CML has taught me to count my blessings.
I shall die soon, I know.
This thing is in my blood.
It will not let me go.
It saps my cells for food.
It soaks my nights in sweat
And breaks my days in pain.
No hand or drug can treat
These limbs for love or gain.
– Vikram Seth’s “Soon”,
From: “All You Who Sleep Tonight”.
I had learned about the three phases that CML typically progresses through, and I had constructed a sustained metaphor to encompass the whimsical natural history of the affliction :
(i) the Chronic Phase : this is the initial stage when the Camel grazes unruffled in the oasis of one’s domestic domain. This is when the patient bonds with the Camel and learns to respect his disease. The Bedouin Arab I am told , respects the gangly camel who he believes is a superior animal because it knows the unrevealed hundredth name of Allah ; mankind, according to Arabian folklore knows only ninety-nine !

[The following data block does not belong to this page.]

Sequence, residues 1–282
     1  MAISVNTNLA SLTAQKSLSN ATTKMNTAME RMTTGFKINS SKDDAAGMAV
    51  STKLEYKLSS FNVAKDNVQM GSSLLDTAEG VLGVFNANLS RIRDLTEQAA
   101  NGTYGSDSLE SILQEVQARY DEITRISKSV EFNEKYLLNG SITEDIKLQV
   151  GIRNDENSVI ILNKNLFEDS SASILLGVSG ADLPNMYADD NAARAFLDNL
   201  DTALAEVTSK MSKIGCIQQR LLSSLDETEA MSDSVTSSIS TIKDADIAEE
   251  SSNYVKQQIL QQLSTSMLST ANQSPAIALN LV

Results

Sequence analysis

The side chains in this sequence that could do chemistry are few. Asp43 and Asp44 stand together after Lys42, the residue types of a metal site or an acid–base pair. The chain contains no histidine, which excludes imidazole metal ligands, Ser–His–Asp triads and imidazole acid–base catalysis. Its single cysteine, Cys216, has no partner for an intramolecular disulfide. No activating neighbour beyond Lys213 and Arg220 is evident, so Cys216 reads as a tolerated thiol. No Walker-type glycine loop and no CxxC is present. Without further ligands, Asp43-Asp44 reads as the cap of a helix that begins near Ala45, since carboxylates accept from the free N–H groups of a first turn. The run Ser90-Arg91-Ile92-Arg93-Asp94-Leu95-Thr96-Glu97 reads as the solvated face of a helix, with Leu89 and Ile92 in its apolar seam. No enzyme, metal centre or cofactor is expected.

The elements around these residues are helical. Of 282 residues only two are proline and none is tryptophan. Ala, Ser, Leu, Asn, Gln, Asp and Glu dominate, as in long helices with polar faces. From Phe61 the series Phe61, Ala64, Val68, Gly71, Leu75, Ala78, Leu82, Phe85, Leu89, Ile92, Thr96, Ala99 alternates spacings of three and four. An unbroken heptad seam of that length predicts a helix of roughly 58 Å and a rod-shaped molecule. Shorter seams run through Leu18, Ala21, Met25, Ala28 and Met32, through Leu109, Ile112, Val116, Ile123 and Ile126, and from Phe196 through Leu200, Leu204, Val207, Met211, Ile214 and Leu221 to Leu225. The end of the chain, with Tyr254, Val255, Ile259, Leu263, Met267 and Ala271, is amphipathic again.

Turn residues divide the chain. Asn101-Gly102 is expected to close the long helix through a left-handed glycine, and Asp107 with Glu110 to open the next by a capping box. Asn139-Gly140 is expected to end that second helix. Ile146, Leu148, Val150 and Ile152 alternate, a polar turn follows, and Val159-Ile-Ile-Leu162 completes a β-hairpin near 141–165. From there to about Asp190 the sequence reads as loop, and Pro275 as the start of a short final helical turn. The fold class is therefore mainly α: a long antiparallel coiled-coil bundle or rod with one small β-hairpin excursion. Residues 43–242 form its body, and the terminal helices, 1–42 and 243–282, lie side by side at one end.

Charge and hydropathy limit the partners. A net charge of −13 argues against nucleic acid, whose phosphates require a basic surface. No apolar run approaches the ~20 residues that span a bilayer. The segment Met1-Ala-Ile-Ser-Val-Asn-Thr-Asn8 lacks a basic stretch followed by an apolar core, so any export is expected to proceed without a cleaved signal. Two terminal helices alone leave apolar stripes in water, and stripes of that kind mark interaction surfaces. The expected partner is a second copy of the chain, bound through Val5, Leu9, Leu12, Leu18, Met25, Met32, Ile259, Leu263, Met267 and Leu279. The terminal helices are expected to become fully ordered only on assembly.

(ii) the Accelerated Phase : the advanced stage when the Ship of the Desert gets unruly and prances around the drawing room, upsetting the furniture and sometimes causing the patient to dismount.
(iii) the Blast Crisis : or terminal stage when the Camel, possessed by unbridled madness, goes wild and gallops uncontrollably out of one’s living room into the stark desert sunset . I reckon every CML-afflicted person stands in utter dread of this last overwhelming phase and prays for its deferment. The Camel is an unpredictable creature and even though currently quiescent, may yet accelerate and blast !
You live and learn – and then you die and forget it all .